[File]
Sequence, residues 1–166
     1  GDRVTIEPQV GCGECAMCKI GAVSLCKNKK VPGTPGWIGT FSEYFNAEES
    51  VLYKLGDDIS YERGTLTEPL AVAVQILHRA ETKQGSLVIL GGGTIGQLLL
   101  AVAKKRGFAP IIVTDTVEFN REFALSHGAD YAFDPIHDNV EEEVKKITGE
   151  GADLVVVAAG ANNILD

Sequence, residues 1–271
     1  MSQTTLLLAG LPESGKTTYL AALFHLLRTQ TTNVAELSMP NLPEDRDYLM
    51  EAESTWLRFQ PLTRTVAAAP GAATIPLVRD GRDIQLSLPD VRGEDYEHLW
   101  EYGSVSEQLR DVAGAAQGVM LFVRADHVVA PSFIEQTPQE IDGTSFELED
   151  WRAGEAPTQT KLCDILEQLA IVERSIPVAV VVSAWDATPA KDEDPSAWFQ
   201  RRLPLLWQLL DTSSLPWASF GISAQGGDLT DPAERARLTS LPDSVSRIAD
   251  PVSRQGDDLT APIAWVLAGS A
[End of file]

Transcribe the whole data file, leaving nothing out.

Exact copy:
Sequence, residues 1–166
     1  GDRVTIEPQV GCGECAMCKI GAVSLCKNKK VPGTPGWIGT FSEYFNAEES
    51  VLYKLGDDIS YERGTLTEPL AVAVQILHRA ETKQGSLVIL GGGTIGQLLL
   101  AVAKKRGFAP IIVTDTVEFN REFALSHGAD YAFDPIHDNV EEEVKKITGE
   151  GADLVVVAAG ANNILD

Sequence, residues 1–271
     1  MSQTTLLLAG LPESGKTTYL AALFHLLRTQ TTNVAELSMP NLPEDRDYLM
    51  EAESTWLRFQ PLTRTVAAAP GAATIPLVRD GRDIQLSLPD VRGEDYEHLW
   101  EYGSVSEQLR DVAGAAQGVM LFVRADHVVA PSFIEQTPQE IDGTSFELED
   151  WRAGEAPTQT KLCDILEQLA IVERSIPVAV VVSAWDATPA KDEDPSAWFQ
   201  RRLPLLWQLL DTSSLPWASF GISAQGGDLT DPAERARLTS LPDSVSRIAD
   251  PVSRQGDDLT APIAWVLAGS A